1. Your adrenaline will be pumping so hard that you will not be able to think and you will have to rely on exactly what you have been training for. At the same time, you most likely suffer from tunnel vision so your body and brain will react instinctively. Whatever it is going down, it will seem like only miliseconds before it's over. Or....
2. Your training will kick in, you will see everything clearly and will be able to think your way through the situation. Every action is deliberate, precise, and planned. The situation will seem to have lasted hours when indeed it may only be seconds.
Some people can react as in No. 2 from their first time in the fire. They are extremely lucky. Most of us, including myself, usually react as in No. 1. Number 2 comes with experience, thought, and having been in the fire a time or two.
The major detractor is not to do No. 1 or No. 2 in your pants while this is all happening.
May the Schwartz Be With You.
|January 12, 2010, 09:20 AM||#5|
Join Date: April 26, 2001
Years ago I took a Sig Arms Academy class under Bank Miller and during a "distance" portion of the class, he said if you have time, go ahead and cock it. This doesn't have to be an either-or thing. As one of the other posters said, if you have time, it's not something you really need to practice.
However, get in the habit of making sure you're decocked before holstering by wiping your thumb across the back of the hammer. Stuffing a cocked gun back into the holster can be a frequent occurrence with a DA/SA gun if you don't have the manual of arms down cold.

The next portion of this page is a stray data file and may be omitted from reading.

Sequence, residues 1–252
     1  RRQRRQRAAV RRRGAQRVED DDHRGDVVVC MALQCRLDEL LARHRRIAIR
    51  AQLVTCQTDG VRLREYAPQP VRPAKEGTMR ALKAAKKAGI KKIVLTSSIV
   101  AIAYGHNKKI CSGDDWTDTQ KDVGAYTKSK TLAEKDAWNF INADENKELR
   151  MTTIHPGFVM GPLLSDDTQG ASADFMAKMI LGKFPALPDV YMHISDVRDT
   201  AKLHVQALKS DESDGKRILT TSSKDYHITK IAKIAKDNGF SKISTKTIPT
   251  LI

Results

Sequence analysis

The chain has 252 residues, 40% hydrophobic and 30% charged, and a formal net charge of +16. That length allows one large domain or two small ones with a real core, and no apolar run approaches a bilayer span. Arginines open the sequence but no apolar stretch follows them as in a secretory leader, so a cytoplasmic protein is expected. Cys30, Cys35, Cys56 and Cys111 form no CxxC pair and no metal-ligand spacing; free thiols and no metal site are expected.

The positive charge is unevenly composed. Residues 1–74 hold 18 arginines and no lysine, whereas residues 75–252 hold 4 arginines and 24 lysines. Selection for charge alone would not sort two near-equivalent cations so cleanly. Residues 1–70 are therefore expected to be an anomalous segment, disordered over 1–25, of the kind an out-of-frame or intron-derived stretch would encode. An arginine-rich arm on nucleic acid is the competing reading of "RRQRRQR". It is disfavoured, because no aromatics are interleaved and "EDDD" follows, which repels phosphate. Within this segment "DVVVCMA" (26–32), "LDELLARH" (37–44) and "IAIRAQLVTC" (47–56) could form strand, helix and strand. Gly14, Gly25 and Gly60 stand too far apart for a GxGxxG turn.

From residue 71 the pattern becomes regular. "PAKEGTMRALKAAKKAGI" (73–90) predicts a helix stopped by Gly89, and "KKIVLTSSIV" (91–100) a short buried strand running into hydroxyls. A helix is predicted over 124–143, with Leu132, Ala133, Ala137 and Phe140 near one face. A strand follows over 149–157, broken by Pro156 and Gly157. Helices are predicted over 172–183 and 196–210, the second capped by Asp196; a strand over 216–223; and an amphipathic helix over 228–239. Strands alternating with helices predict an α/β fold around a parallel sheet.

|January 12, 2010, 12:02 PM||#6|
Join Date: December 16, 1998
Location: Titusville, FL, USA
SAO: there is no such term as "Single-Action Only". SA is the correct term to describe a handgun with "Single-Action trigger mechanism". The trigger cannot perform any other function than to drop the hammer.
I have plenty of experience shooting automatic handguns with a "Double-Action (DA) trigger mechanism". The primary disadvantage of the DA mechanism is dry-fire training.
When a DA automatic is fired in DA mode, as the OP described, the trigger pull can be long and heavy, compared to the trigger pull when it is fired in SA mode (after the slide has cocked the hammer). When you present the pistol and fire it in DA mode there is no realistic method to cock the hammer to fire subsequent shots in SA mode.
So you're faced with a dilemma: either you reach up and manually cock the hammer or you train in DA mode only. Neither "remedy" allows your dryfire training to duplicate the way you fight.
An SA automatic presents a similar quandry.
I believe 90% of training can be performed as dryfire training, and the Double-Action Only (DAO) trigger mechanism provides a consistent trigger pull that is identical during dryfire and livefire training. The only difference is recoil, which occurs AFTER the trigger is pressed.
Something to think about.
Finally, "DA/SA" describes the typical operating mode of an automatic pistol with a DA trigger mechanism - IF the first shot is fired in DA mode. "DA/SA" describes a trigger mode. "DA/SA" does not describe the trigger mechanism.
Last edited by Shawn Dodson; January 12, 2010 at 12:36 PM.
|action , da/sa , manual cock , trigger|